Tales of an unsung heroine: Finding the thanks in a thankless job
Few things are more frustrating than toiling in obscurity. Even those who are not trying to become famous appreciate recognition for a job well done. Some people have the fortune (I won’t say good or bad) to end up in a job that most people would consider thankless. The trick to coping with this type of employment is to find the thanks that may not be readily forthcoming.
For the last twenty years I have worked in various facets of human services, with people with psychiatric disabilities and intellectual disabilities. I started out in the psychiatric hospitals during college working as a Mental Health Technician (a fancy title for flunky). After getting my Masters degree I took a job in a day treatment program for people with psychiatric disabilities. The people who went there for group and individual counseling suffered from diagnoses ranging from Schizophrenia to Multiple Personality Disorder. That was some of the most amazing time in my career. I later moved to another state where I worked in a large day program for people with severe intellectual disabilities. The term “intellectual disability” is used to describe a set of conditions including mental retardation, Down syndrome, and Autism. These folks were not ready for employment. Instead they focused on activities of daily living, i.e. making beds, sorting items, brushing their teeth. Many of the people who went to the program needed assistance in the bathroom; some wore diapers. More recently I have worked with adults who are much more capable than the individuals in the previous setting. Many of them can read, write and use computers. For some reason even the people who can’t read or write still know how to use Facebook and text on their cell phones. Many of them have jobs in the community that they are able to do with some support.
People have asked me over the years why I chose such a difficult profession, often filled with such sadness. I suppose it all depends on how one looks at it. The way I see it, throughout the years I’ve had the good fortune to meet many wonderful people. Appreciating their gifts and unique ways of looking at the world is one of the keys to enjoying the work. Another crucial survival skill to have in this field is to be able to “find the funny.” The funny is that spark of joy in the middle of what some would consider tragic, sad, or just plain icky.
Now make no mistake, when I say “find the funny” I am in no way suggesting that I laugh at the people I have worked with. Rather I am suggesting that it is important to find the humor in situations one is faced with. This is actually a good rule of thumb for life in general.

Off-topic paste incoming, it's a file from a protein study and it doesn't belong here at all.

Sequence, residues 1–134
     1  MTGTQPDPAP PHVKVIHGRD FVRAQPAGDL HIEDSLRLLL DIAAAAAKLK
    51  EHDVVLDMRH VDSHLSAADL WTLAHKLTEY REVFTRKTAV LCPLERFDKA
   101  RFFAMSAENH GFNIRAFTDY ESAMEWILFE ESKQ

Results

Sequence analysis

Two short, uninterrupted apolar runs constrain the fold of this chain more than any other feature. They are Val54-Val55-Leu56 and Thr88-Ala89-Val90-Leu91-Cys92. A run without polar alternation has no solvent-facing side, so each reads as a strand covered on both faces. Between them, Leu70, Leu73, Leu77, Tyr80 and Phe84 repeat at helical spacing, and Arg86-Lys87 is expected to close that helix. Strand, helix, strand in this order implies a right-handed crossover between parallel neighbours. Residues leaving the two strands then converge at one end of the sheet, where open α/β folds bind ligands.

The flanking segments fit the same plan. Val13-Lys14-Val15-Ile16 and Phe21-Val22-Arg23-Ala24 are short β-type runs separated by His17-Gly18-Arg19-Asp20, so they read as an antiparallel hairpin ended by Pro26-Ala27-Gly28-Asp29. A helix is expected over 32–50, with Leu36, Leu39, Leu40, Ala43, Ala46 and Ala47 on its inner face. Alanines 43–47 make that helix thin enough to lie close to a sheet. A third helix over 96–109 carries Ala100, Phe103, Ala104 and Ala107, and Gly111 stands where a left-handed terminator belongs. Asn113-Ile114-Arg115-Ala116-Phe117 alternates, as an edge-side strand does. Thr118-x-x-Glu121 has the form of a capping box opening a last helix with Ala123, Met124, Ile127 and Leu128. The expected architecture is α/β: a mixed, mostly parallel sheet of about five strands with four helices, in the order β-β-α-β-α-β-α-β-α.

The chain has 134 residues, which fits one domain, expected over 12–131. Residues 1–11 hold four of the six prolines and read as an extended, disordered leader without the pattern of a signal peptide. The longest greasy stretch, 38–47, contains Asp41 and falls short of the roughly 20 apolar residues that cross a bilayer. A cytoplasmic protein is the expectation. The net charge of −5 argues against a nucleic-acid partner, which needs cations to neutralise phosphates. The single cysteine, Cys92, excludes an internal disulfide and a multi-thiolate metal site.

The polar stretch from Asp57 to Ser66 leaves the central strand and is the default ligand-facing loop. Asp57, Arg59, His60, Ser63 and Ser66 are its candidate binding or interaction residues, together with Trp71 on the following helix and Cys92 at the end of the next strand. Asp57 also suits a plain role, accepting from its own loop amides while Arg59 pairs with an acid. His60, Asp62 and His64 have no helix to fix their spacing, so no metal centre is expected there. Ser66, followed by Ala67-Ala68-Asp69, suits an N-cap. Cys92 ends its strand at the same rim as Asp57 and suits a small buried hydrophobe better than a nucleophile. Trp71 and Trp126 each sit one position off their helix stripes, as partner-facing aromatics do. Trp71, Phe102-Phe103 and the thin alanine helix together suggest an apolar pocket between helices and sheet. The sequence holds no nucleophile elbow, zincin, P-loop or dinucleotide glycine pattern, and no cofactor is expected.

I have realized while working in this field that I have seen, heard, and said some of the funniest things in my life. Sometimes the funny comes from realizing the value of basic things that most people take for granted. Other times it’s about appreciating life’s struggles and realizing how much better I have it than some. And then there are times when I just find myself in ridiculous situations that I wish I could catch on tape so people would believe me.
As I mentioned earlier I started out working in psych units during college. At all of 20 years old, I did a few shifts on the pre-teen unit and I certainly learned some good life lessons. Eight year olds can be some of the best teachers. Rule #1: when dealing with an angry child who is throwing a tantrum, NEVER catch only one arm. This kid was running down the hall screaming. I was near the door so it was my job to stop him before he ran out the door into the night. I’d only been on the job a few weeks but as this little guy advanced toward me I thought “I’ve got this.” He only came up to my waist, how hard could it be? I reached out and grabbed his arm as he flew past me. NOT A GOOD IDEA. Now anchored by a one hundred (and then some) pound person his forward momentum vanished. He did a sling shot backward, bringing his fist around, and punched me in the stomach. That’s the kind of mistake you don’t make twice! Later in the shift another little boy gave me some advice that probably holds true to this day in some ways. The staff members were addressed as Mr. and Miss and then last names, like in elementary school. Since I was not yet married, my name on that unit was Miss David. Toward the end of my work day, this little boy took me aside and said to me, “Miss David, you’re too much of a softy. You have to be more of a strickty.” Out of the mouths of babes. I don’t want to think about how long ago that was… that “babe” is probably about 25 now.
Not such bad lessons for a day of work. Sometimes the thanks that you get are the pearls of wisdom from the people you work with. So remember… Be a good balance of softy and strickty and never catch one arm unless you can get the other one too.